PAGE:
Jimmy Carter says Israeli annexation would be 'illegal' land grab

Jimmy Carter says Israeli annexation would be 'illegal' land grab
© Getty Images

Former President Jimmy CarterJimmy CarterPresidents, crises and revelations Trump: Obama's eulogy of John Lewis a 'terrible,' 'angry' speech Big bank hypocrisy: inconsistent morals to drive consistent profits MORE on Wednesday spoke out against Israel's expected move to annex parts of the West Bank, saying it would violate international law and risk irrevocable damage to hard-won peace accords in the Middle East.

The 95-year-old Carter, who is renowned for his leadership brokering an Israeli-Egyptian peace accord in 1979, said annexation by Israel would violate that treaty and agreements under the Oslo and Camp David accords, which outlined a roadmap to peace between the two nations and steps to resolve the conflict with the Palestinians.

“The envisioned annexation would amount to a massive, illegal expropriation of Palestinian territory,” Carter said in a statement along with Carter Center CEO Paige Alexander.


“Annexation must be stopped, and the Israelis and Palestinians should return to meaningful negotiations based on U.N. resolutions and previous bilateral agreements,” they said.

The 39th president further condemned Israel’s decades-long expansion of Jewish settlements in the West Bank, saying the policy jeopardized “any possible establishment of a sovereign Palestinian state alongside Israel."

“Formal annexation will signal the end of the internationally agreed-upon two-state framework for peace, and with it the possibility for a just solution to the conflict," he continued.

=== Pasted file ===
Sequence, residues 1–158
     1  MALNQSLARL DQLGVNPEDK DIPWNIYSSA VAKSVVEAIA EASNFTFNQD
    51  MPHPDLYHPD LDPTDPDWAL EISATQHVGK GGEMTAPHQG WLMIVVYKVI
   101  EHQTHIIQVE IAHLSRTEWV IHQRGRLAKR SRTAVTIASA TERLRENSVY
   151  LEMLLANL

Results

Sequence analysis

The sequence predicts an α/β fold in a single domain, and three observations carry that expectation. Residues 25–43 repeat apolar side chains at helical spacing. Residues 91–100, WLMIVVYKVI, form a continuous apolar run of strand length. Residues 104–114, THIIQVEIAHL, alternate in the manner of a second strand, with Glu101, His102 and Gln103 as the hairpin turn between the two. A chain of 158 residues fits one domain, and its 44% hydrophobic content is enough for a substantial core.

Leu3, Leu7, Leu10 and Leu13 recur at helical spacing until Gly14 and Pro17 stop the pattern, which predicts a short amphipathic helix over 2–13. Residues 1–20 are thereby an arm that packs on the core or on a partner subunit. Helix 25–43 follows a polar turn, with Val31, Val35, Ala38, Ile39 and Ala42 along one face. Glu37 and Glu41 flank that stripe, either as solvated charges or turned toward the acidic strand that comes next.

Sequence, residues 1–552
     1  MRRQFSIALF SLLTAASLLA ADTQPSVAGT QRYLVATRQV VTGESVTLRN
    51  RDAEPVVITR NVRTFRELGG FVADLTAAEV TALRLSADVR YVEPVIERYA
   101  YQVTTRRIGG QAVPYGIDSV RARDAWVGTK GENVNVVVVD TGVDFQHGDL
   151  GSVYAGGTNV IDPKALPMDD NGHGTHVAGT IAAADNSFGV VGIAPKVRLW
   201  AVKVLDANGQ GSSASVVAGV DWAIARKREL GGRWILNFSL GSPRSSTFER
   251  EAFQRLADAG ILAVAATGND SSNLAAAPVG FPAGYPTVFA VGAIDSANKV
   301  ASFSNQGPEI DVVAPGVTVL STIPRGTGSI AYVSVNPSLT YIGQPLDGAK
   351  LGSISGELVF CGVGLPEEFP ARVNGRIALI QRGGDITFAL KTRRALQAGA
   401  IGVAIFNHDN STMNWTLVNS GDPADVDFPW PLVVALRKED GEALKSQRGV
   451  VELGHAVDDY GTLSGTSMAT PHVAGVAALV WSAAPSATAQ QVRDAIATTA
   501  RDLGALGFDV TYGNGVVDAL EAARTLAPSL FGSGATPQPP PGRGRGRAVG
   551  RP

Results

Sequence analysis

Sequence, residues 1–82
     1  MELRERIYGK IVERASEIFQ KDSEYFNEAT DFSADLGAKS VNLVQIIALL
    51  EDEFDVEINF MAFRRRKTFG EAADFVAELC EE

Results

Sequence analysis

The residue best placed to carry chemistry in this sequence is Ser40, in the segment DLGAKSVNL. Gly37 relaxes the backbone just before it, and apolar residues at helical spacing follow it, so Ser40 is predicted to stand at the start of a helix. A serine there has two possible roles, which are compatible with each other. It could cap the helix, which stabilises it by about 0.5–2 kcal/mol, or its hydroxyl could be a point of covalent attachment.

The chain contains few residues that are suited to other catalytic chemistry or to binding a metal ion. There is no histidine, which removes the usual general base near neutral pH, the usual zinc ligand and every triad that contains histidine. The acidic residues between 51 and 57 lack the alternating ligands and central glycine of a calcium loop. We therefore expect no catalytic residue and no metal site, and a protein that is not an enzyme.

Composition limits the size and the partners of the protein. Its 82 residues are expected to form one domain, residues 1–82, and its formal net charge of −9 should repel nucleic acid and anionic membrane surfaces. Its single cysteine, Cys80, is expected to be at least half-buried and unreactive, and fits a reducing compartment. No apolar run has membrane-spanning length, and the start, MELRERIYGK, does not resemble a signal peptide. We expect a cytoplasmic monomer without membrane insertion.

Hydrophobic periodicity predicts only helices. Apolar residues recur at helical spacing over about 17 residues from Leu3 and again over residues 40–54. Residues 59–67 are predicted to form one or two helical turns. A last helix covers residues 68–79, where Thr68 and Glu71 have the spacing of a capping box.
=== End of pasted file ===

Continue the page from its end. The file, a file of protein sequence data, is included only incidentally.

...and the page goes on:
Israeli Prime Minister Benjamin NetanyahuBenjamin (Bibi) NetanyahuMORE had given a July 1 deadline to announce plans for annexation, believed to be within the parameters of the Trump administration’s “vision for peace” solution for the Israeli-Palestinian conflict and unveiled in January.

The Trump plan offered Israel taking control of roughly 30 percent of the West Bank and all of the Jordan Valley and envisioned a disjointed Palestinian state encircled by an Israeli security barrier.

Carter said such moves violate international laws and further warned it would damage peace treaties Israel maintains with Jordan and Egypt, the only two Arab nations that have formal relations with the Jewish state.


“Israel’s planned annexation of up to 30% of the West Bank as early as today would violate international laws prohibiting the acquisition of territory by force and changing the status of occupied territories,” he said in the statement. “The planned move would violate the Oslo and Camp David Accords and jeopardize Israel’s peace treaties with Jordan and Egypt.”

Netanyahu offered no announcement of annexation on Wednesday. The silence followed pushback from the international community and within Netanyahu’s own government opposing such moves.

Trump also withheld offering public support ahead of Netanyahu’s self-imposed deadline.